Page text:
Yb:tungstate waveguide lasers
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Lasers find a wide range of applications in many areas including photo-biology, photo-chemistry, materials processing, imaging and telecommunications. However, the practical use of such sources is often limited by the bulky nature of existing systems. By fabricating channel waveguides in solid-state laser-gain materials more compact laser systems can be designed and fabricated, providing user-friendly sources. Other advantages inherent in the use of waveguide gain media include the maintenance of high intensities over extended interaction lengths, reducing laser thresholds. This thesis presents the development of Yb:tungstate lasers operating around 1μm in waveguide geometries. An Yb:KY(WO₄)₂ planar waveguide laser grown by liquid phase epitaxy is demonstrated with output powers up to 190 mW and 76 % slope efficiency. This is similar to the performance from bulk lasers but in a very compact design. Excellent thresholds of only 40 mW absorbed pump power are realised. The propagation loss is found to be less than 0.1 dBcm⁻¹ and Q-switched operation is also demonstrated. Channel waveguides are fabricated in Yb:KGd(WO₄)₂ and Yb:KY(WO₄)₂ using ultrafast laser inscription. Several of these waveguides lase in compact monolithic cavities. A maximum output power of 18.6 mW is observed, with a propagation loss of ~2 dBcm⁻¹. By using a variety of writing conditions the optimum writing pulse energy is identified. Micro-spectroscopy experiments are performed to enable a fuller understanding of the induced crystal modification. Observations include frequency shifts of Raman lines which are attributed to densification of WO₂W bonds in the crystal. Yb:tungstate lasers can generate ultrashort pulses and some preliminary work is done to investigate the use of quantum dot devices as saturable absorbers. These are shown to have reduced saturation fluence compared to quantum well devices, making them particularly suitable for future integration with Yb:tungstate waveguides for the creation of ultrafast, compact and high repetition rate lasers.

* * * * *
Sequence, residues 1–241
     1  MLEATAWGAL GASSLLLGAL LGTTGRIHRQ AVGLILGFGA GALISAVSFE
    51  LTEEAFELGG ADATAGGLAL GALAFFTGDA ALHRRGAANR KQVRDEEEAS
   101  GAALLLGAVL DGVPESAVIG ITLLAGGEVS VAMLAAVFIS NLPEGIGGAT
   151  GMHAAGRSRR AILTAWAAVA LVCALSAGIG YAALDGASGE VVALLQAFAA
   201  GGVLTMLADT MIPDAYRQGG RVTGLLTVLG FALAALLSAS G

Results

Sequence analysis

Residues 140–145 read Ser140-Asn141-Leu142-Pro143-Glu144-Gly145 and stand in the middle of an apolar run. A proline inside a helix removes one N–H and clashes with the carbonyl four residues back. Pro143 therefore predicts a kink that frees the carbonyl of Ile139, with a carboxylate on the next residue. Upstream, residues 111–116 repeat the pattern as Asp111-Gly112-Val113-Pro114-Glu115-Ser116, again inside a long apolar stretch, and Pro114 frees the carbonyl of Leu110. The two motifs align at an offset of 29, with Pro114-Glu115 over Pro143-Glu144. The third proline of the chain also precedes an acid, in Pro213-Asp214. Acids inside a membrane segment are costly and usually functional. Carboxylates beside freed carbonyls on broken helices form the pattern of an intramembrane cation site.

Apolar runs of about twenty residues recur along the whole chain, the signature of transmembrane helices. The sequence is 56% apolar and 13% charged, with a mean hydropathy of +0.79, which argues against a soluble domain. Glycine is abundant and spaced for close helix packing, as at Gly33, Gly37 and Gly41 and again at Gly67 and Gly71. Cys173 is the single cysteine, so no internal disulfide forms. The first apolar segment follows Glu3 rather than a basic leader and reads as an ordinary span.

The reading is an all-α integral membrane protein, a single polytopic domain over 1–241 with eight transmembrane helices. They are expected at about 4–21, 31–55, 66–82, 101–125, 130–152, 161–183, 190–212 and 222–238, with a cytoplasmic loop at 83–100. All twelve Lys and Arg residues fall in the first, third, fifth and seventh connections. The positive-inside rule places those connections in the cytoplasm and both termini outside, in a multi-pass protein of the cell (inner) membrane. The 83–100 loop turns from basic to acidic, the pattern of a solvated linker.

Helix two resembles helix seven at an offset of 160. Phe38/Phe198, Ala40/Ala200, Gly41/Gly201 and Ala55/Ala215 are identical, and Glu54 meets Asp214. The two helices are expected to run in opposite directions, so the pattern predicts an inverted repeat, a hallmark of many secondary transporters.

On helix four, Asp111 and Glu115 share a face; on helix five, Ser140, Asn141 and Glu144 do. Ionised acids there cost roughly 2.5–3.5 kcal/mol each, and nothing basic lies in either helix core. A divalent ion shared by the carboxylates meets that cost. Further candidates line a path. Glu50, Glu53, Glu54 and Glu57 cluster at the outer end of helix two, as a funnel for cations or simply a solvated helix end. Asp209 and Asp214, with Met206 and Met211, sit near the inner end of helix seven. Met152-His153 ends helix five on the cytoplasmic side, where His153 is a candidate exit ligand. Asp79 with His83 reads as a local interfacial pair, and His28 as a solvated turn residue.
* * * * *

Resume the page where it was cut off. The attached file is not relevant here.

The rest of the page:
Thesis, PhD Doctor of Philosophy
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